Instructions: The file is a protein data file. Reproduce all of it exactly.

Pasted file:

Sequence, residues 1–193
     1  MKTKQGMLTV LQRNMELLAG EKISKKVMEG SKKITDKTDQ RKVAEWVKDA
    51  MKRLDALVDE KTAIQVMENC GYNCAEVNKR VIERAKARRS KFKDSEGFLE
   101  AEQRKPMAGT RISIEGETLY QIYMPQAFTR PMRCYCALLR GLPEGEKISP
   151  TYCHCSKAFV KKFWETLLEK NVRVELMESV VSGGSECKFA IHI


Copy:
Sequence, residues 1–193
     1  MKTKQGMLTV LQRNMELLAG EKISKKVMEG SKKITDKTDQ RKVAEWVKDA
    51  MKRLDALVDE KTAIQVMENC GYNCAEVNKR VIERAKARRS KFKDSEGFLE
   101  AEQRKPMAGT RISIEGETLY QIYMPQAFTR PMRCYCALLR GLPEGEKISP
   151  TYCHCSKAFV KKFWETLLEK NVRVELMESV VSGGSECKFA IHI